TALLAHASSEE, Fla. – The Developmental Disabilities Compact workgroup met Tuesday to begin initial discussions about coverage and benefits that private health insurers can offer to persons with developmental disabilities. Florida Deputy Insurance Commissioner Mary Beth Senkewicz chaired the meeting of the workgroup, which comprises primarily representatives of insurance companies and HMOs.
Near the meeting’s conclusion, Deputy Commissioner Senkewicz charged the group with drafting specific proposals by Nov. 10 for coverage their companies will offer to developmentally disabled persons. The draft proposals will serve as foundation for a more comprehensive discussion of possible benefits at the group’s next meeting, Nov. 20.
“Today we laid the foundation for a closer look at specific benefit options the insurers can provide for developmentally disabled persons,” said Deputy Commissioner Senkewicz. “I am extremely grateful to the companies for their initial thoughts and to Floridians with developmentally disabled children who took time to come tell us their stories.”
Much of Tuesday’s discussion centered on whether applied behavioral analysis should be considered a reasonable and necessary treatment for a developmentally disabled person.
“Behavioral analysis is an often used treatment for developmentally disabled patients, but insurance companies often exclude it from coverage, classifying it as ‘experimental,’ or excluding it because it is not provided by a doctor or nurse,” explained Senkewicz.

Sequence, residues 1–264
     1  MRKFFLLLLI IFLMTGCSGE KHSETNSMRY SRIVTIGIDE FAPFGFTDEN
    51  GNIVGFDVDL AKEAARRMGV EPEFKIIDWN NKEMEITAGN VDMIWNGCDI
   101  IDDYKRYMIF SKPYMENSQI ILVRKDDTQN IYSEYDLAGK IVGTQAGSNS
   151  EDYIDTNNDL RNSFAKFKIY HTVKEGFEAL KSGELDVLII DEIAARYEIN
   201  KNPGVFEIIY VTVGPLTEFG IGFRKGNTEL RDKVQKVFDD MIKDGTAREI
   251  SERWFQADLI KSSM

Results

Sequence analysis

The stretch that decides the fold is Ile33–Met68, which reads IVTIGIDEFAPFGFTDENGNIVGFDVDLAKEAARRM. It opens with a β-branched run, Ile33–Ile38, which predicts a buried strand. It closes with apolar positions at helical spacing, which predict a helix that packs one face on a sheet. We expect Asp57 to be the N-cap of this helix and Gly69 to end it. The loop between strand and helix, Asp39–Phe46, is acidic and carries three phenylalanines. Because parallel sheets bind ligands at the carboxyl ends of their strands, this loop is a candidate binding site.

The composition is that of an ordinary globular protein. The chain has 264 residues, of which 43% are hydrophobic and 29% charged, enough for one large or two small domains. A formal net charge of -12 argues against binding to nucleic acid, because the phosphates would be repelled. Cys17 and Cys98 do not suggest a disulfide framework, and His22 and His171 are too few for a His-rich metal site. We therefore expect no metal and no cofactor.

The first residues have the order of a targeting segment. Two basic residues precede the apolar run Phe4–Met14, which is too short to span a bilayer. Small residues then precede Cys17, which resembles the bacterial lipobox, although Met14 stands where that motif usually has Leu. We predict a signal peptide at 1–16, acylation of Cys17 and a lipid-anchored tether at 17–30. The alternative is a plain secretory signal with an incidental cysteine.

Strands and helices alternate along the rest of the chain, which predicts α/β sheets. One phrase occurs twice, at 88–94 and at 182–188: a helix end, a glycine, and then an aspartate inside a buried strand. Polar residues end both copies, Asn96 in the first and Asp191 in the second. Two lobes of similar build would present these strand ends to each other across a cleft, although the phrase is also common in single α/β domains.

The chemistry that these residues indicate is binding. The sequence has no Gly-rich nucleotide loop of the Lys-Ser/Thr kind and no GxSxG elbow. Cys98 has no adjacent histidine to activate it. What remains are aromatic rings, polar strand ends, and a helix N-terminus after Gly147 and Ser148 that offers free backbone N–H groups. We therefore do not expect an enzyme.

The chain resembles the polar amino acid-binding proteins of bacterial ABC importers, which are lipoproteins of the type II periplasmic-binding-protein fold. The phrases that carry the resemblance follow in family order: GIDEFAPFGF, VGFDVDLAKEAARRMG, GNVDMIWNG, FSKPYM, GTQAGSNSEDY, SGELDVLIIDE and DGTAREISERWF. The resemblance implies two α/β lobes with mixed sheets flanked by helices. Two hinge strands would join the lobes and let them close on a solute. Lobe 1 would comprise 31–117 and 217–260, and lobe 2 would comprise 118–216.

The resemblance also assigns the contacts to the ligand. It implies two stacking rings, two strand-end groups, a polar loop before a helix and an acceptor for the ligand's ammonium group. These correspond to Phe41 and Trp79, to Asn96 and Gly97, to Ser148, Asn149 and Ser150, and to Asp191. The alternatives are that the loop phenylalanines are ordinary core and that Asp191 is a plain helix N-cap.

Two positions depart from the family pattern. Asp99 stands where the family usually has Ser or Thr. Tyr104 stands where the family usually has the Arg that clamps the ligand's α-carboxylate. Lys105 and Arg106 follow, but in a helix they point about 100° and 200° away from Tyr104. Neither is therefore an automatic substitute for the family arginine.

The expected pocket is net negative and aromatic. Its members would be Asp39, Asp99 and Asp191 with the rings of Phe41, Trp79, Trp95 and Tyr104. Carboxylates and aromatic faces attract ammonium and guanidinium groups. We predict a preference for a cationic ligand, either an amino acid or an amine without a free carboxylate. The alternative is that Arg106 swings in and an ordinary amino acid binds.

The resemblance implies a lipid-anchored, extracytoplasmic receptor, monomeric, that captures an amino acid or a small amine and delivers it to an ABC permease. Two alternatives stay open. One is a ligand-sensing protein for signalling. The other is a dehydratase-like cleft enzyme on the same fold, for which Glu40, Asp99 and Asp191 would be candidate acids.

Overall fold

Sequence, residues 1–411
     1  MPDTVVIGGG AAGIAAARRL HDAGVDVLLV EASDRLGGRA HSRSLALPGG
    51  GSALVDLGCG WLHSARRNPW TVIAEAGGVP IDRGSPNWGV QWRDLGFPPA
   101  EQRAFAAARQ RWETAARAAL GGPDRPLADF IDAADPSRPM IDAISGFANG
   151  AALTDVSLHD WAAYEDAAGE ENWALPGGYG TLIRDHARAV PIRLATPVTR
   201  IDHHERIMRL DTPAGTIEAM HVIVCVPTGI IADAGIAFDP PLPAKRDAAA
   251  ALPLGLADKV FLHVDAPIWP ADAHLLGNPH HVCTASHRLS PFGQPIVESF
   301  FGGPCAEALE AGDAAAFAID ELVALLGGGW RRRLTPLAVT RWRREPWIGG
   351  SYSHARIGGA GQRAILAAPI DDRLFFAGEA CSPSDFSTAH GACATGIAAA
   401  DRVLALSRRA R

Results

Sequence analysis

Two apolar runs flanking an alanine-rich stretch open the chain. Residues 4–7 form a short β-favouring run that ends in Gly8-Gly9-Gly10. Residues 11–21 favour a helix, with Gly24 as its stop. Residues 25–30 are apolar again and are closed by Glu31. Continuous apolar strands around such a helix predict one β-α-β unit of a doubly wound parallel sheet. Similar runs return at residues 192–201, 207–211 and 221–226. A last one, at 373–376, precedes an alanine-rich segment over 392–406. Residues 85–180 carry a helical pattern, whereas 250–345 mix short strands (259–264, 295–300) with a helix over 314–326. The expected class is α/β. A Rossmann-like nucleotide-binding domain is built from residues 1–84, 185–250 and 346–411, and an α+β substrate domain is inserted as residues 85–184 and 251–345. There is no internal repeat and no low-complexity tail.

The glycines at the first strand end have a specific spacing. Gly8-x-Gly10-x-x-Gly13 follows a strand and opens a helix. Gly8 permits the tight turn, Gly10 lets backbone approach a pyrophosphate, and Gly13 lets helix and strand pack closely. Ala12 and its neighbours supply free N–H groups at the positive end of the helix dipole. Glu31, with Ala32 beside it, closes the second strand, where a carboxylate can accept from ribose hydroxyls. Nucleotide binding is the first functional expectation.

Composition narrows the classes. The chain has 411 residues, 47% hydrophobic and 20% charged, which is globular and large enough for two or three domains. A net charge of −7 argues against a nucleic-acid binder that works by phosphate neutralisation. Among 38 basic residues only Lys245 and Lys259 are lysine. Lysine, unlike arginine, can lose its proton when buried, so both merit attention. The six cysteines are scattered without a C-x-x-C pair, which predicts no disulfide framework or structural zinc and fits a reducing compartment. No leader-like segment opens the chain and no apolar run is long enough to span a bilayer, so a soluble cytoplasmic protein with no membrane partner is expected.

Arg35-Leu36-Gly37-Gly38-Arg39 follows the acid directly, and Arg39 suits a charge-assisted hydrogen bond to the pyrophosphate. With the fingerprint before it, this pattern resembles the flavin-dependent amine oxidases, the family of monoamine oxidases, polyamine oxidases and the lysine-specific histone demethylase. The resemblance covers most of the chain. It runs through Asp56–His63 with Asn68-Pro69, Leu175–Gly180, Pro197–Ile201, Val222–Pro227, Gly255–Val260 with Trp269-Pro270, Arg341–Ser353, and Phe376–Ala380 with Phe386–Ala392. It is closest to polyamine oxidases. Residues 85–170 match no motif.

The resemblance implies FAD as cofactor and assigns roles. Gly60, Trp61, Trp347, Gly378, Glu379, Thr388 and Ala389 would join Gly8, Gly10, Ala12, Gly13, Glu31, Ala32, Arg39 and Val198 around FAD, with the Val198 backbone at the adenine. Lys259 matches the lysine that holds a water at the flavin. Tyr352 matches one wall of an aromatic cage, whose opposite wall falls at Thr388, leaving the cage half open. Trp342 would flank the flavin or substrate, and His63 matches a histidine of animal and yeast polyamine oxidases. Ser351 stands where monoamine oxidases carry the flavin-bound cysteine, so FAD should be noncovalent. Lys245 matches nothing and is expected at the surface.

Some insurers also have made the argument that behavior analysis should be excluded from coverage, because there is no scientific research to support it. A notable exception, though, is behavioral analysis treatment for autism patients, which has been found to be helpful.
According to Florida law (only applicable to large groups), mandated coverage would enable beneficiaries with autism spectrum disorder to have access to up to $36,000 of coverage each year subject to a the lifetime cap of $200,000 for services prescribed by their treating physician. The workgroup is considering expanding coverage to persons with developmental disabilities other than just autism. If no compact is negotiated, the autism mandate will take effect April 1, 2009.
The Developmental Disabilities Compact was established by Senate Bill 2654 and signed into law in May by Gov. Charlie Crist.
Called the "Window of Opportunity Act," Section 624.916, F.S. charged the Office of Insurance Regulation (Office) with developing and executing a compact relating to insurance coverage and access to services for persons with developmental disabilities. The Office also was charged with convening a consumer advisory workgroup to provide a forum for comment on the negotiated compact. That workgroup will meet again soon.